On the afternoon that Channel NewsAsia visits the island, 28-year-old Tran Thi Phuc is squatting on the ground sizzling some meat on a grill made of wire mesh and a tin can. The mother of two moved to the island to live with her husband’s family when they got married.

Midway through flipping the skewers on the barbeque, she springs up and, like a seasoned rope walker, dashes across a narrow plank that links her home to dry land to tend to her crying baby.

With a house that floats just a few inches above the water - a design that is hardly child-secure - her children’s safety is something that Ms Phuc always worries about.

“A few days ago some houses were turned upside down in a storm. The storms here can get very scary,” said Ms Phuc.

During the rainy season, the water level can rise drastically and rapidly, making it unsafe for people living on floating houses.

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The living area of Phuc’s home. (Photo: Lam Shushan)

Despite this, they do the best they can. The exterior of Ms Phuc’s home is a rusty zinc roof and thin plywood walls plastered with old movie posters and worn-out tarpaulin. But the inside is another matter.

Entering, we are greeted by their pet dog who is sitting beside his bowl of rice speckled with unidentified meat. Ms Phuc sits on an alphabet mat on the living room floor, cradling her infant.

It is a cosy space, with huge windows that overlook banana plantations and the river. On the walls are pictures of her family, predominantly of her eight-year-old son. In one frame he wears a bow-tie, and in another he is dressed in a graduation gown. Her home reflects the hopes and dreams of any mother.

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Waste is discharged into the river, which is also their source for water used for bathing and washing dishes. (Photo: Ray Yeh)


Unskilled and uneducated, most people on the island work odd jobs to support their families. Ms Phuc earns just VND 2 million (S$120) a month working as a cleaner in the city.

“We do whatever we can be hired for,” she said. Her husband works as a driver transporting cargo.

The only way out of the cycle of poverty is to ensure that their children get a proper education. But public schools will not accept them without supporting documents such as birth certificates, or a proper home address.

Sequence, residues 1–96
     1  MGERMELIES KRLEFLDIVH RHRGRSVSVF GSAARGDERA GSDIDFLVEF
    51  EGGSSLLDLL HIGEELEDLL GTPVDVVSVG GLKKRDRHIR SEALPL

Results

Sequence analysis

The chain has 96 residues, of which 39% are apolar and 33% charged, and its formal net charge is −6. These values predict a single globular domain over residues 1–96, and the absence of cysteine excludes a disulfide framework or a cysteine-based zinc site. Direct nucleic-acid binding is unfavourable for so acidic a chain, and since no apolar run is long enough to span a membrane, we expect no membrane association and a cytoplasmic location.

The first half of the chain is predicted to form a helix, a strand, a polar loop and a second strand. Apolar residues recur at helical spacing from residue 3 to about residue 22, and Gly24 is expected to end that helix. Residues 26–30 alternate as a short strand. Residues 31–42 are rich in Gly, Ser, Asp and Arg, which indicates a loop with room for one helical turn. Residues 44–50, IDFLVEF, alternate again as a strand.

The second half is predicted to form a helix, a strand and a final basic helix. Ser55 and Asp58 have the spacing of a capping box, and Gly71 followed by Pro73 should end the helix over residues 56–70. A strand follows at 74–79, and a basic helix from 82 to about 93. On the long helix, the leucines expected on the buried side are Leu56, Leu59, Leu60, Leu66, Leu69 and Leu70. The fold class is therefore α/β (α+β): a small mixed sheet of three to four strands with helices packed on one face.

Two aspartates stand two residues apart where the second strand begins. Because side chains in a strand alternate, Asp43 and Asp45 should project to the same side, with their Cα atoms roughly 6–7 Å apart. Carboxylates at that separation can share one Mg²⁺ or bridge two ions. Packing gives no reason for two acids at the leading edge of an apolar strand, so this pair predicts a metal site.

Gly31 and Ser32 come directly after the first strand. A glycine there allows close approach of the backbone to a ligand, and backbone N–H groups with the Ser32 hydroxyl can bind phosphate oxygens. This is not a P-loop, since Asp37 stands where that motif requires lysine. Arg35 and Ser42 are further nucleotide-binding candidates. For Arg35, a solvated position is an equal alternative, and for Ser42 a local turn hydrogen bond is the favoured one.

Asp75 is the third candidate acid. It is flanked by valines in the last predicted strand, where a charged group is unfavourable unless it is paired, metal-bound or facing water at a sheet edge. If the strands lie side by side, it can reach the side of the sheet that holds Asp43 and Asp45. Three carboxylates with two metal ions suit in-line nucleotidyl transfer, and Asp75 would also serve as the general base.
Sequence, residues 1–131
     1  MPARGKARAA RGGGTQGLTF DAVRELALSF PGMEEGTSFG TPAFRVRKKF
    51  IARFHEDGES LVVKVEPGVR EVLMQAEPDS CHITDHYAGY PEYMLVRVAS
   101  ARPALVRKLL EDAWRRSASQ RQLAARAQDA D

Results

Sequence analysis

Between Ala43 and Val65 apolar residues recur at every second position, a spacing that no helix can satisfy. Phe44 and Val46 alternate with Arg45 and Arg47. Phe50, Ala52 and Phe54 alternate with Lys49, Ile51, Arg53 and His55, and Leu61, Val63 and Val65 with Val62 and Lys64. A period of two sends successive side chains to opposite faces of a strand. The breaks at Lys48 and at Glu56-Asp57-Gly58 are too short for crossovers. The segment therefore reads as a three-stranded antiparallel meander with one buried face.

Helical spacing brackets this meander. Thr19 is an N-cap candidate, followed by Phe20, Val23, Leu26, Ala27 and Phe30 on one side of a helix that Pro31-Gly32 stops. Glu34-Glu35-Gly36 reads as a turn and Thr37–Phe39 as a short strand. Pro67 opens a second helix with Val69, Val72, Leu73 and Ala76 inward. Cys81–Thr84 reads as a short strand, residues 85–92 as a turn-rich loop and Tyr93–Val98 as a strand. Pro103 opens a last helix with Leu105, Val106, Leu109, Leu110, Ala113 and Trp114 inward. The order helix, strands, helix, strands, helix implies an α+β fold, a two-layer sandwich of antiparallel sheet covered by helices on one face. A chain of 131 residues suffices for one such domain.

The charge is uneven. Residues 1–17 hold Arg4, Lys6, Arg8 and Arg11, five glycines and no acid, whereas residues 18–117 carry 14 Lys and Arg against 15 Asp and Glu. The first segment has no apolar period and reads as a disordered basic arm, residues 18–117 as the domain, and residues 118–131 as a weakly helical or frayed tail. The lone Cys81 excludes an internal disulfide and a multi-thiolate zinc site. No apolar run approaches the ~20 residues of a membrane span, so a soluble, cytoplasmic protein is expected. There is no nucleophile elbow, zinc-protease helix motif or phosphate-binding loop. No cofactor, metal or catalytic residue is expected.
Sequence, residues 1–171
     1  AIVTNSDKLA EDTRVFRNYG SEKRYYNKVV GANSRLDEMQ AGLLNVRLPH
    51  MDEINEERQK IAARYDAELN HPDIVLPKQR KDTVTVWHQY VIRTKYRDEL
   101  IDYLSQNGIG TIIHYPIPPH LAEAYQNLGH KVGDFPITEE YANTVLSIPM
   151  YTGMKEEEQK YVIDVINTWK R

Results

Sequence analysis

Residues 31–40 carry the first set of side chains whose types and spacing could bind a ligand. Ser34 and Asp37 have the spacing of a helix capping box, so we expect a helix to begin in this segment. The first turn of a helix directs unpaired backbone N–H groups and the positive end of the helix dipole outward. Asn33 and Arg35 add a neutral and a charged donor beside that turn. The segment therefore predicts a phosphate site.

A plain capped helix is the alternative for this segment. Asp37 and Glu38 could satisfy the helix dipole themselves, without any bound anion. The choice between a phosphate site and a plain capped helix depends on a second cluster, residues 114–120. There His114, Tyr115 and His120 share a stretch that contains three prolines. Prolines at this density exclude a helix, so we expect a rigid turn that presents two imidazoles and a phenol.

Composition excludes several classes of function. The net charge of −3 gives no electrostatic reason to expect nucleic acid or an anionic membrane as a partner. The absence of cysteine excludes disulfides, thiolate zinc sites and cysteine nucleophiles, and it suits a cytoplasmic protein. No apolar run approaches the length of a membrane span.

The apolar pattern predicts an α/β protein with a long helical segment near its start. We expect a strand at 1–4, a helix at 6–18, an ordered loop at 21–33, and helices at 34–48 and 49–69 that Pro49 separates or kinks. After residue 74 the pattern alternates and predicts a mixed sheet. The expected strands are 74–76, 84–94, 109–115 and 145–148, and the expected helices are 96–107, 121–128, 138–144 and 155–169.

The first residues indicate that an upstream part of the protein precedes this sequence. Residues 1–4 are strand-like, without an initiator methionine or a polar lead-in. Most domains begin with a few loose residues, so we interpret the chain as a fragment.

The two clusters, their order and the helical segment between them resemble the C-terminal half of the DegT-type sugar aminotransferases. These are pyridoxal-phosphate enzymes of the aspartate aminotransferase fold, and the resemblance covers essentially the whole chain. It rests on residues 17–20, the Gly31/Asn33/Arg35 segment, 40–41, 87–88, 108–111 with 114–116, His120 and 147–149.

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Phuc with her 4 month-old baby. (Photo: Ray Yeh)

In recent years, the settlers have been getting help from NGOs to apply for birth certificates and then enroll their children in schools. But once they get in, they face other problems.

Said Ms Corgie: “Most of these kids ... are not used to sitting down in the classroom and listening to the teacher. Many of them resort to stealing - it is hard to avoid when you are in serious need.”

They can get kicked out of school for bad behaviour, or some simply choose to drop out to work to support their families. Left vulnerable, they can easily become victims of sexual abuse or drug addiction.

“They are surrounded by discrimination everyday so we try to be here to show them that it’s not normal, that there are people who care,” said Ms Corgie.


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The Red River island is in the prime district of the city, and may be affected by redevelopment plans in the future. (Photo: Ray Yeh)

In 2008, the government of Hanoi awarded a contract to three foreign consultant firms to draw up a masterplan for the city. The plan included major redevelopment along the Red River, with some real estate reports stating that a 42-km dyke would be built to lay the way for new developments.

The settlers’ island lies within the proposed development sites, which means they could lose their homes – along with, according to reports, 39,000 other households along the river that would have to be relocated.

In initial plans that surfaced online, these relocation efforts were slated to be completed by 2016. But the area remains largely occupied by slums, and residents on the island have not been notified that they will be evicted any time soon. NGOs that we spoke to did not know what has happened to the plans either.

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A small boat house on the island with the Long Bien Bridge in the background. (Photo: Lam Shushan)

Said Mr Thanh: “From a social management point of view, you cannot just evict people from their homes without providing social housing, but that costs a lot of money and the government has no funds to do that.”

For now and the foreseeable future, the settlers remain in a limbo of sorts. Returning to their hometowns is not an option.

Said Mr Duoc, the village chief: “We will not have any rights (in our hometown) because after several decades, all of our civil registration is outdated. Frankly speaking, it is impossible to go back!”

Source: CNA/ss